[See the full KPost story]

* If anyone has the party votes breakdown in Kyiv (and elsewhere) in parliament and council elections, please post–or provide a link or a guide to how to find the link. I was looking for it on the Election Commission website, but could not locate it, since my Ukrainian reading level is somewhat low (understatement alert!!).

0 thoughts on “A ‘personal vote’ in Ukraine’s closed list? Kyiv mayor elected with 32%, also elected to parliament

  1. Chernovetsky will have a separate faction in the Kyic City Council. The PGO is investigating him for possibly bribing voters. It is unfortunate Klitshcko and Omelchenko both ran. I believe there should be a run-off between Klitschko and Chernovetsky.
    As to national lists, I believe they are hedging their bets as much as seeking regional figures.

    OEC

  2. Kyiv City Rada

    The Bloc of Yuliya Tymoshenko got the most powerful faction, having gained 41 mandate out of 120, the Bloc of Leonid Chernovetskyi, who was elected the Kyiv Mayor, got 21 mandate, the Bloc “Our Ukraine” 15 mandates, the Bloc of Vitaliy Klychko “PORA-PRP” 14 mandates, the Party of Regions 9 mandates, the Civil Active of Kyiv 7 seats, the Socialist Party 7 seats and the Bloc of Lytvyn 6 seats. As many as 1,439,336 Kyiv residents voted in the Kyiv City Rada elections.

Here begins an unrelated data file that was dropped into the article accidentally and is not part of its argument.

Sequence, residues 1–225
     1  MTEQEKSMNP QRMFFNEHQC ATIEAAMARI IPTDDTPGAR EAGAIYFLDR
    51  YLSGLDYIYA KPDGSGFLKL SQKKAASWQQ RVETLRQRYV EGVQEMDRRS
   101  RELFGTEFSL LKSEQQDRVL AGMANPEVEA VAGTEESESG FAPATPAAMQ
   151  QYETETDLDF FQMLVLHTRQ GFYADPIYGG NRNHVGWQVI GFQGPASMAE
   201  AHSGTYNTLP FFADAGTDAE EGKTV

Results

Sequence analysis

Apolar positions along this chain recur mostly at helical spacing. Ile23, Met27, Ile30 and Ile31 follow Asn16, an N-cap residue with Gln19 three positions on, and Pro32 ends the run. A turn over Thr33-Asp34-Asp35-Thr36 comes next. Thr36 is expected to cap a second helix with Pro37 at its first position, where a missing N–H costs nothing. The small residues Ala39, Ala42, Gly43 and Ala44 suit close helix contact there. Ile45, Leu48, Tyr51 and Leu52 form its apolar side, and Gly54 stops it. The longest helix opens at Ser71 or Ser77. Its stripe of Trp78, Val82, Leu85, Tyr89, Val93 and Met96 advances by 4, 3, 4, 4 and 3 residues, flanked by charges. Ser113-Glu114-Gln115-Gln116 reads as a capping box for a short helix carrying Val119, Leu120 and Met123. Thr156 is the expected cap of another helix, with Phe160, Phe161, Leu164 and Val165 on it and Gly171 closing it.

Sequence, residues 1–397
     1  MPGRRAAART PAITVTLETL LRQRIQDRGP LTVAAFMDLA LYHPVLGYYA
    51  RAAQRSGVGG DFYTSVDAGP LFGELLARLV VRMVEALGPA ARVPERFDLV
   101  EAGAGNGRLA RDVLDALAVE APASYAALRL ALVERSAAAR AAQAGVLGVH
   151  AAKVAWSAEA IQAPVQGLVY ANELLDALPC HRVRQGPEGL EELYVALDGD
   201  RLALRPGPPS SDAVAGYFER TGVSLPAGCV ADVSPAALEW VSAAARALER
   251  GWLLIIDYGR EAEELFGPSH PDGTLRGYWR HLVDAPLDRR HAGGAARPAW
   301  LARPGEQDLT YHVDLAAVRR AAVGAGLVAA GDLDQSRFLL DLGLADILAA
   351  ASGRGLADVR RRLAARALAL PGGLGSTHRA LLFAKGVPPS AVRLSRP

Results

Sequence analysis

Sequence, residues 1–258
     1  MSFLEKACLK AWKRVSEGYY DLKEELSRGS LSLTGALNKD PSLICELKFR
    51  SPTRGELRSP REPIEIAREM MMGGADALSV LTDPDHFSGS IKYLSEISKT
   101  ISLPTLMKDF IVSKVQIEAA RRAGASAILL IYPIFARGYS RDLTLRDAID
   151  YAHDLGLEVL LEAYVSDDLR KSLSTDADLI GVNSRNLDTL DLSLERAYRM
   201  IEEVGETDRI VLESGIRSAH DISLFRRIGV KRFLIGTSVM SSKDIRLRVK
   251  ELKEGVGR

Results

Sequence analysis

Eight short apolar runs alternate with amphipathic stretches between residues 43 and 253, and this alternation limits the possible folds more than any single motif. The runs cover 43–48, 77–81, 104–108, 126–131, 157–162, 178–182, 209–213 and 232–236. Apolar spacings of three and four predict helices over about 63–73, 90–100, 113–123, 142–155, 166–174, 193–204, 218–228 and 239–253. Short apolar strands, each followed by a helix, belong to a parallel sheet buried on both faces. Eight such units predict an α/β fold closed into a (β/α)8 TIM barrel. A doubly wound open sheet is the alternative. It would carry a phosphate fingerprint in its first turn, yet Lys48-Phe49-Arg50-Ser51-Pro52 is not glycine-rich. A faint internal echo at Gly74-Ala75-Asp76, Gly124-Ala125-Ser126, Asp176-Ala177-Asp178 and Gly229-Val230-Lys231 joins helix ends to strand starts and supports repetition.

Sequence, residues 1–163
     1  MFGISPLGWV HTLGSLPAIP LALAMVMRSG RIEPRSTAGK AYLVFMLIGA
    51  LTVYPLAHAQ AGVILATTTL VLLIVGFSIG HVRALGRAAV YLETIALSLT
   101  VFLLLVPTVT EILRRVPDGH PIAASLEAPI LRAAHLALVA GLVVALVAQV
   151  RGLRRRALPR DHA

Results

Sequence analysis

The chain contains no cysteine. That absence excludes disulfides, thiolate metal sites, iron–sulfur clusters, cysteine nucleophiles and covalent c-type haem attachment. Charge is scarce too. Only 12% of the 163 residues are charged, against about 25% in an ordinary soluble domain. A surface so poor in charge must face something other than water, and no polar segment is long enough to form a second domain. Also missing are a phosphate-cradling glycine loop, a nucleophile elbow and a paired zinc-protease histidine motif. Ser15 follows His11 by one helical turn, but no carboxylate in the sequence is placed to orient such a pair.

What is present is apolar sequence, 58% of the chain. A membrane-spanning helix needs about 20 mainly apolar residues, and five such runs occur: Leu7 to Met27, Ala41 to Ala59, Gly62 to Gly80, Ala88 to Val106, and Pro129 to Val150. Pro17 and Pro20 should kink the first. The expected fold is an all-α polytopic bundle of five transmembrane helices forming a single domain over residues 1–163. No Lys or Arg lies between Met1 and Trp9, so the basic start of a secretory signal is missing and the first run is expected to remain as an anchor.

http://www.nrcu.gov.ua/index.php?id=148&listid=27078

    98-22 Orange 🙂 From what I’ve seen, the local elections in other cities and regions tend to parallel the national count. I’ll try to get more info after the recounts.

    OEC

  3. Pingback: Fruits and Votes » Blog Archive » Party lists stifling dissent in South Africa–closed party lists, that is

  4. The party votes breakdown in Kyiv-city in the 2006 parliament elections:
    1. Bloc Tymoshenko 39%
    2. Our Ukraine 16%
    3. Party of the regions 12%
    4. Socialists 5,5%
    You can access the results per “oblast” by clicking on the party name in http://www.cvk.gov.ua/vnd2006/w6p001e.html (english)

    Putin has reformed the Duma election system: the russian parliament will also be elected by PR (with 7% threshold) in one constituency of 450 seats. (http://www.russiavotes.org/electorallawchange3.htm) Can someone comment that move? I think most parties will stop investing in a locally inplanted basis when they don’t have to contest 225 single-seat constituencies any more: party strength will only depend on a national well-known personality (like the president himself).

Leave a Reply to One Eyed Cat Cancel reply

Fill in your details below or click an icon to log in:

WordPress.com Logo

You are commenting using your WordPress.com account. Log Out /  Change )

Google photo

You are commenting using your Google account. Log Out /  Change )

Twitter picture

You are commenting using your Twitter account. Log Out /  Change )

Facebook photo

You are commenting using your Facebook account. Log Out /  Change )

Connecting to %s

This site uses Akismet to reduce spam. Learn how your comment data is processed.